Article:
|FOR IMMEDIATE RELEASE|
|Date:||November 22, 2011|
|Contact:||Patricia Dowd, Yellowstone Program Manager, National Parks Conservation Association, (406) 585-1580, firstname.lastname@example.org
Jeff Billington, Senior Media Relations Manger, National Parks Conservation Association, (202) 419-3717, email@example.com
Well reasoned, comprehensive approach needed for Yellowstone's bison
Statement by: Patricia Dowd, National Parks Conservation Association
"Tens of millions of bison once roamed North America. Today only about 20,000 wild bison remain, and Yellowstone’s 3,700 bison are considered to be among the most genetically pure. It’s November and a familiar sight is taking shape in Yellowstone National Park. Snow. Freeze/thaw cycles. Ice. Snow. Wind. Single-digit temperatures. More snow.
"With the arrival of winter weather in Yellowstone comes the issue of bison management. For decades winter has brought death to Yellowstone’s bison, usually in the form of a slaughter by state and/or federal agencies. Recently a bison management proposal created by the National Park Service was leaked to the Associate Press. The National Park Service document proposes to “cull” as many as 360 migrating wild bison.
"The proposal calls for 200 female bison, 50 calves and 50 yearlings from the park's northern herd to be shot by hunters, captured for relocation, or captured for slaughter. Thirty bull bison from the park's central herd would be harvested by hunters. An additional 20 to 30 bulls from the northern herd could be removed during a late-winter hunt targeting animals that resist returning to the park.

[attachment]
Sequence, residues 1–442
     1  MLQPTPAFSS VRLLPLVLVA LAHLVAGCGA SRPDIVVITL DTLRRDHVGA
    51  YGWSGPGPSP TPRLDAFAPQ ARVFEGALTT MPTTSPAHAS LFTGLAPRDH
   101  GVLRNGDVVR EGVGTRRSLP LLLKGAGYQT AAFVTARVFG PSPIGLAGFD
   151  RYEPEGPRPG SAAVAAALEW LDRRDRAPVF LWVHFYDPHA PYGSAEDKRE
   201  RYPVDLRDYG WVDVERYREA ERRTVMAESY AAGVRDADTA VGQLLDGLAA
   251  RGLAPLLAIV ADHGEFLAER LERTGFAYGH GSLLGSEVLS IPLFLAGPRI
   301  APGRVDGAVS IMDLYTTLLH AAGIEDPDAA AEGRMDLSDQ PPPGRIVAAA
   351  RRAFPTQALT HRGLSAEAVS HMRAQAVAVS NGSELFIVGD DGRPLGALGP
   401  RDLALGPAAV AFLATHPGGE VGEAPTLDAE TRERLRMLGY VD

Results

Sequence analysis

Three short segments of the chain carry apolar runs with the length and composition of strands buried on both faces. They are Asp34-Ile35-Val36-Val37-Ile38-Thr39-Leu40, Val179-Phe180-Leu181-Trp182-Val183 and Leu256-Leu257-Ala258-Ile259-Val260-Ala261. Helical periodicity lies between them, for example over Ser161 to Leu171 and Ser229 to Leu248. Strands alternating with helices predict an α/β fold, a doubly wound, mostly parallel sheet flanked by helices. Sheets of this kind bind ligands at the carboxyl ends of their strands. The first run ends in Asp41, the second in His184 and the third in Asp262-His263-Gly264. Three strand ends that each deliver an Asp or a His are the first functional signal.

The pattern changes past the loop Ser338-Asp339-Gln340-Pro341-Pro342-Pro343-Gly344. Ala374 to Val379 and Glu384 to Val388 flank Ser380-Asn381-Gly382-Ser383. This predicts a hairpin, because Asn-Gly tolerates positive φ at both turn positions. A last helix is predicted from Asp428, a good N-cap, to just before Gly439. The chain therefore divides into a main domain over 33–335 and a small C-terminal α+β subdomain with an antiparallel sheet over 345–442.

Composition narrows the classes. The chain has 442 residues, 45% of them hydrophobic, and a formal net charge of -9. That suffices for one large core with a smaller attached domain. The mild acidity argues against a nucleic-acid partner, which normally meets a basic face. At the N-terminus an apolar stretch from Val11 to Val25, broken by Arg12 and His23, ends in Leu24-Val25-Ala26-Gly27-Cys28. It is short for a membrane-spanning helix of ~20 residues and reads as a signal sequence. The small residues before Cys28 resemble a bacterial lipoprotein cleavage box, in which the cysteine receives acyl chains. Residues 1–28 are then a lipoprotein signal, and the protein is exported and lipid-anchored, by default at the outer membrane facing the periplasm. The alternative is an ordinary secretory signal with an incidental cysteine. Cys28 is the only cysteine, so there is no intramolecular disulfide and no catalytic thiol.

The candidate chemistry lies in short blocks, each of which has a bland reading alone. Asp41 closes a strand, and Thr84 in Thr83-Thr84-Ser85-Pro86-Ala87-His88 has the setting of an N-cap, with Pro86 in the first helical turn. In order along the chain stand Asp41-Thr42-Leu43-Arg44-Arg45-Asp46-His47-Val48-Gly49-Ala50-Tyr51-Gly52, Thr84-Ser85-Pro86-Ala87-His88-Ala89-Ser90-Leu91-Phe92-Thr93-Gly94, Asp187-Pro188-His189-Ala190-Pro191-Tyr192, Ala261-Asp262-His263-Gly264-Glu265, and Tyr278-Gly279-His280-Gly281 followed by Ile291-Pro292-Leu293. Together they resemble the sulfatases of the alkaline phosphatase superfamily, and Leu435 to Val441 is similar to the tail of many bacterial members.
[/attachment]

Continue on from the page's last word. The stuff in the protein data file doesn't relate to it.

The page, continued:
"This proposal does not reflect the on the ground progress recently made that increases bison habitat outside of Yellowstone and instead reverts to past unsuccessful approaches to bison management. An increase of tolerance and an effort to co-exist with bison outside of Yellowstone National Park boundaries is occurring.
"A comprehensive proposal to translocate Yellowstone’s wild bison to the Fort Peck Reservation and Fort Belknap Reservation has been developed. NPCA encourages Yellowstone National Park officials, state and federal agencies to fully consider translocating some of Yellowstone’s bison herd to the Fort Peck or Fort Belknap tribes.
"NPCA continues to support and encourage the co-existence efforts that are occurring north and west of Yellowstone National Park. The National Parks Conservation Association supports public hunting outside national parks, but opposes public hunting for either sport or for management of wildlife in existing national park units. Specifically, NPCA opposes hunting bison in Yellowstone National Park."